It’s been 50 years since a young academic named David Brewster moved

It’s been 50 years since a young academic named David Brewster moved from the East Coast to a sleepy Seattle. Since then, the city has changed dramatically, and Brewster has been a catalyst for much of that change, first as the founding publisher and editor of this newspaper—which he owned for 21 years—and then as the founder of the event space Town Hall, the online news outlet Crosscut, and other more minor yet still high-minded concerns. This week, at age 76, he will embark on his latest venture, Folio.

A membership library located in the downtown YMCA building, this new institution will provide Seattleites willing to fork over $125 a year a place to study, write, and collaborate. It will also serve as a quasi-public space offering concerts, lectures, and other programming that its founder hopes will cultivate the creative energy in this city. I spoke to Brewster about his latest venture and his legacy.


You’ve been getting some press on Folio and it’s been receiving some wary responses. Were you surprised by that?The funny thing about Seattle is that Seattle talks a very good game about being entrepreneurial and starting things. And leaving aside the business part of that, it’s actually pretty resistant to change and pretty skeptical when new ideas come. After the idea proves itself, then everyone likes it and takes credit for that. It’s not the easiest place to introduce a new idea.

What about the charge that this is an elitist institution?My answer to that is that it’s $10 a month, which is very reasonably priced. And anyone can join Folio; there’s no question of who are your ancestors or what is your business. These membership libraries have always been leaders in democracy from the beginning, in the 18th century. They had women, they had people who disliked books; they were in no sense an elite organization. And here we are at the Y, and the Y is a wonderful broad-based organization for all kinds of people, all sorts of ethnicities, but of course you have to pay to belong. And the bus system is a public system, but you have to pay in order to get on. Supporting things of worth with membership dues, like public radio, seems to me to be a thing that, once people stop and think about it, yes, that goes on all the time.

You recently wrote a piece in


Seattle Times

about the KUOW buyout of KPLU. It felt a bit Pollyanna-ish, downplaying the role an independent KPLU could serve. Do you think that public opposition to the buyout comes from this same place of resistance to new ideas?Well, I certainly took a storm of criticism from that, and I’ve come to change my mind in seeing the intensity of the loyalty to an independent KPLU. I liked, in general terms, the idea of consolidation of nonprofits and smaller media. I think the result of the decline of the Seattle Post-Intelligencer and the decline of mainstream journalism has been that we have too many fractured organizations that don’t have the throw-weight to really do the stories or enough financial support to be sustainable. So in that context, I liked the idea of having one station being very dominant and really challenging the leading newspaper in town.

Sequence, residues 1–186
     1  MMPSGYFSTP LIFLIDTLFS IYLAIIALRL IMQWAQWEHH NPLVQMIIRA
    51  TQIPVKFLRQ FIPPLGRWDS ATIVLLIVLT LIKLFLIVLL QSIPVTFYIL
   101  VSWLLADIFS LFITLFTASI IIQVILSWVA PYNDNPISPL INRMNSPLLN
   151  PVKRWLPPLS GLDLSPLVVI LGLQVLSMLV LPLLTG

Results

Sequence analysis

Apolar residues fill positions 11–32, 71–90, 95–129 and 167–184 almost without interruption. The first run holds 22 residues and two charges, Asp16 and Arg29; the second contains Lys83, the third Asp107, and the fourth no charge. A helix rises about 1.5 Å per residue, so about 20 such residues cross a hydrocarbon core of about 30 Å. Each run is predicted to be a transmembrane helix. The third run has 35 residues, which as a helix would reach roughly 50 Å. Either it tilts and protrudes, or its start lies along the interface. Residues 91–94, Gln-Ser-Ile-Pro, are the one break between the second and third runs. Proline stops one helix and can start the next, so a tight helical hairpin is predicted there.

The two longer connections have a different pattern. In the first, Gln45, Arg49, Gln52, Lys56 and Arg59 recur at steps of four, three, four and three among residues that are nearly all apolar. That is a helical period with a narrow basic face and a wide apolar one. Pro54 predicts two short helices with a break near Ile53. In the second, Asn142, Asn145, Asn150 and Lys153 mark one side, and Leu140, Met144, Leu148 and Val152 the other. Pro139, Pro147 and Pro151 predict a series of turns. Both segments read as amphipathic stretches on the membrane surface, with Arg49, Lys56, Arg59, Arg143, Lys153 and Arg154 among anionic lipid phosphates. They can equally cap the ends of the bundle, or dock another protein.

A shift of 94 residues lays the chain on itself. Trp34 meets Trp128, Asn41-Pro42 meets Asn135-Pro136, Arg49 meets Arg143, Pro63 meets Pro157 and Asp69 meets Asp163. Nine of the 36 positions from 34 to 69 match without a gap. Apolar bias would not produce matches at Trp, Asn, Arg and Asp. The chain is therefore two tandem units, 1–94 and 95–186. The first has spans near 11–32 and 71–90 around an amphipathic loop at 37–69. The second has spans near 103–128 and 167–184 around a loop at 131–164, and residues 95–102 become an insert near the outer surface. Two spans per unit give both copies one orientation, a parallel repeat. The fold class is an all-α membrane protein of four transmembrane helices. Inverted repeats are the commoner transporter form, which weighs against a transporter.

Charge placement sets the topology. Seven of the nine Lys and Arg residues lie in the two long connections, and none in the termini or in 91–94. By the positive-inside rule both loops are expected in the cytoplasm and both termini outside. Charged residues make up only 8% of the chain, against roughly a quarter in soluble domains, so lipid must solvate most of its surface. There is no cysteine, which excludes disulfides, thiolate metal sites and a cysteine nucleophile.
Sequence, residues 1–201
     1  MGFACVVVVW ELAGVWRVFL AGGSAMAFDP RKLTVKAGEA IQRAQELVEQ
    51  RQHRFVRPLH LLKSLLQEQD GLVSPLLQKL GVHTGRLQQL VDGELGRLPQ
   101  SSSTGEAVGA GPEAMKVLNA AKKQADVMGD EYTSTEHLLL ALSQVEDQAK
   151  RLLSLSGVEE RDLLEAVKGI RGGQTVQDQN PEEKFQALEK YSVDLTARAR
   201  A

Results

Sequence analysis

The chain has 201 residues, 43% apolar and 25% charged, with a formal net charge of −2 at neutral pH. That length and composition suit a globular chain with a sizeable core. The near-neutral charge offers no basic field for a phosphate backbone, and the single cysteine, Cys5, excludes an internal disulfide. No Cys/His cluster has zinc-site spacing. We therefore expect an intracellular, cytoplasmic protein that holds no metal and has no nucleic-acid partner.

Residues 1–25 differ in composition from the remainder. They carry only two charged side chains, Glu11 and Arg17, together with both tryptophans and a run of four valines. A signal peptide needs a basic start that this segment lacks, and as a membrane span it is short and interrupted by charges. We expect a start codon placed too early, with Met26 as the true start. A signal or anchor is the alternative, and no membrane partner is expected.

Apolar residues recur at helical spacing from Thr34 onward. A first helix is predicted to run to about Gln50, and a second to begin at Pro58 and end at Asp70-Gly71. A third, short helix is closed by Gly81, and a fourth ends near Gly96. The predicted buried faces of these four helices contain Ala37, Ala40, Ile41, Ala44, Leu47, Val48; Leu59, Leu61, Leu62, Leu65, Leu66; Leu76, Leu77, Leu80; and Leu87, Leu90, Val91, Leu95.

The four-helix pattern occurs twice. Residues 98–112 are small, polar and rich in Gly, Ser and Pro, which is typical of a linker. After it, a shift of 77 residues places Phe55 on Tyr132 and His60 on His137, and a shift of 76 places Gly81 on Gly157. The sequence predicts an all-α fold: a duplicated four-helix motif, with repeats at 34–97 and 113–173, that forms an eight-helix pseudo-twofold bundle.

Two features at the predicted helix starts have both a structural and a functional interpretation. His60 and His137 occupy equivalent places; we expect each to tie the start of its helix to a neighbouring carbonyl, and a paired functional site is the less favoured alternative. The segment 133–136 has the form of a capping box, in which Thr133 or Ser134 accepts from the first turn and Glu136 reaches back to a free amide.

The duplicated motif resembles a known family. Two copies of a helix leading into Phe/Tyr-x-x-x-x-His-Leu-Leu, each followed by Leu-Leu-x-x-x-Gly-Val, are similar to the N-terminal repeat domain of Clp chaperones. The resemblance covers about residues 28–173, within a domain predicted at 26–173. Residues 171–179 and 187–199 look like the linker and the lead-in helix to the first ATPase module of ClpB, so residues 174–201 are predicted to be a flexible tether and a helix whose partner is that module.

Why don’t you get more involved in creating that entity?I’ve reached the point of not wanting to be involved in any media or certainly starting up anything. But the town doesn’t have much in the way of media criticism, and, as in that story, I like to provoke. I wanted to voice the unpopular but plausible idea that the combination of those two radio stations would be a good thing. I think that what I have found is that the loyalty to KPLU and their way of doing it and also the stubbornness of the staff of wanting to keep doing KPLU the way it is, even though their license holder no longer wants to sustain them, is perhaps a good-enough argument for keeping that independent voice. Or, to put that another way, an indication that the marriage is not going to be terribly successful.

How does Folio fit into your legacy?You know, I came originally out to Seattle in 1965 to teach English at the University of Washington as an assistant professor, so returning to literature is kind of a neat closing of the circle for me. I think of Folio as a nice last movement where the themes of earlier movements are still to be heard.

Mark Baumgarten is Editor in Chief of Seattle Weekly. He can be reached at or 206-467-4374. Follow him on Twitter.

This interview has been edited for length and clarity.